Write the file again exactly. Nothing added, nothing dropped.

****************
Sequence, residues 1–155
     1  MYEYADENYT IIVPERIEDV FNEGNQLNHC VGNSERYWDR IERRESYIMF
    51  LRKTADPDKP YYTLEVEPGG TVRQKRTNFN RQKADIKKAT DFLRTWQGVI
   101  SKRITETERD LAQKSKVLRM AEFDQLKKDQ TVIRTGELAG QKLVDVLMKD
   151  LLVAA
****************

Sequence, residues 1–155
     1  MYEYADENYT IIVPERIEDV FNEGNQLNHC VGNSERYWDR IERRESYIMF
    51  LRKTADPDKP YYTLEVEPGG TVRQKRTNFN RQKADIKKAT DFLRTWQGVI
   101  SKRITETERD LAQKSKVLRM AEFDQLKKDQ TVIRTGELAG QKLVDVLMKD
   151  LLVAA